One might think that robots would have some measure of job security, especially when they work in a robot hotel. It would seem that this is not the case — even in a robot hotel, robots, replicants, and androids can be “retired.”
According to The Verge, the Henn-na “Strange” Hotel in Japan has “laid off” half of the 243 robots that maintained the hotel because they created more problems than they ended up solving. In trying to substitute robots for human workers, the hotel ended up creating more work for humans. As advanced as the hotel’s robot velociraptors that worked the check-in desk were, they couldn’t figure out how to properly photocopy a passport. Nothing in the previous sentence was a joke.
On the list for early retirement is Churi, a robot doll assistant that was placed in each room. Churi was meant to be a kind of Siri/Alexa hybrid, but proved incapable of answering any questions…
MARTIAN OENOPHILES. [Item by Mike
Kennedy.]Georgia—no, not the
American state—is looking for grape varieties that might survive on Mars.
Because, you know, colonists will want to relax with some wine (Smithsonian: “Why the Nation of Georgia Wants to Make
Wine on Mars”). I mean, potatoes alone just aren’t going to cut it.
“Researchers there are looking for grape varieties that can grow in Martian soil and survive high radiation and carbon monoxide.”
When and if humanity establishes a colony on Mars, it’s likely someone will want to kick back after a hard day of terraforming with a nice glass of Chardonnay. Luckily, the nation of Georgia has them covered. Amie Ferris-Rotman at The Washington Post reports the nation is funding a research project to develop varieties of wine grapes that can survive on the Red Planet.
“If we’re going to live on Mars one day, Georgia needs to contribute,” Nikoloz Doborjginidze, founder of Georgia’s Space Research Agency, part of the wine project tells Ferris-Rotman. “Our ancestors brought wine to Earth, so we can do the same to Mars.”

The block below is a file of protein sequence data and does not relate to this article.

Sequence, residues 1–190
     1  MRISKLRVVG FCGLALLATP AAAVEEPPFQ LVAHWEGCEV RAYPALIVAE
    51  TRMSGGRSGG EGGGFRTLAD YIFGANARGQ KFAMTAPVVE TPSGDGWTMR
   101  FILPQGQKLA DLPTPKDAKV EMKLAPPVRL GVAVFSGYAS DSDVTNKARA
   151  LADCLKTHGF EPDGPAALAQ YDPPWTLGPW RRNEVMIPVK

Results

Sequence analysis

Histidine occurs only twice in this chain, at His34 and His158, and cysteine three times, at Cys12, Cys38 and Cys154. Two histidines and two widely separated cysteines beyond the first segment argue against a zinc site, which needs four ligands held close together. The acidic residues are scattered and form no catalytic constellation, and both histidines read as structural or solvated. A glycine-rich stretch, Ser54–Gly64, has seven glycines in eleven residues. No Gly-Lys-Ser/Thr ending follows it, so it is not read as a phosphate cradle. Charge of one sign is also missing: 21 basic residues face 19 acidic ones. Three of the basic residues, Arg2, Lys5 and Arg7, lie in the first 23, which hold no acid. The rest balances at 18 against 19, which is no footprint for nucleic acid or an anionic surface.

(18) NEW SFF SATIRE. Space Force: Steve Carell will star in a new Netflix series from The Office’s Greg Daniels lampooning Donald Trump’s proposed Space Force. (Via io9.)
Chip Hitchcock, Alan Baumler, Mike Kennedy, JJ, Cat Eldridge John King
Tarpinian, Martin Morse Wooster, Carl Slaughter, Daniel Dern, and Andrew Porter
for some of these stories. Title credit goes to File 770 contributing editor of
the day Ken Richards.]
In an Apology To The Arisia Community posted November 23, the corporation broadly apologized for a large number of enumerated failings, and also announced that it has banned three people and restricted the participation of eight others, with more action possible once other incident reports are fully processed.
To our community:
We, the Executive Board (Eboard), apologize unreservedly on behalf of Arisia Incorporated to every individual who has come forward with mishandled incident reports, some of whom have asked not to be named, and to every individual who has had reason to hesitate in coming forward or has felt unsafe doing so. As an organization, Arisia has failed you. We must do better by everyone who seeks our aid. Prior to posting this statement, we extended private apologies to multiple individuals. As time passes, and we as a board develop a better understanding of the mistakes we have made, we expect to extend further apologies.
We also apologize without condition to the entire Arisia community. You trusted us as an organization to prioritize community safety. Many of you have brought forward incident reports, trusting in the process to see justice done and safety concerns addressed. Some of you, in the face of inaction or errors in judgment, have turned your back on Arisia entirely. In all of these ways, we failed you as well.
We do not expect these apologies to be accepted as a matter of course. We are not owed the forgiveness of those we have wronged. We cannot demand the trust of those who have seen that trust broken. We hold no ill will toward anyone who has had to step back from Arisia as a result of these events. All we can do is acknowledge the harm that we have done, make amends to the best of our ability, and strive to do better. We must earn your trust back through actions, not words.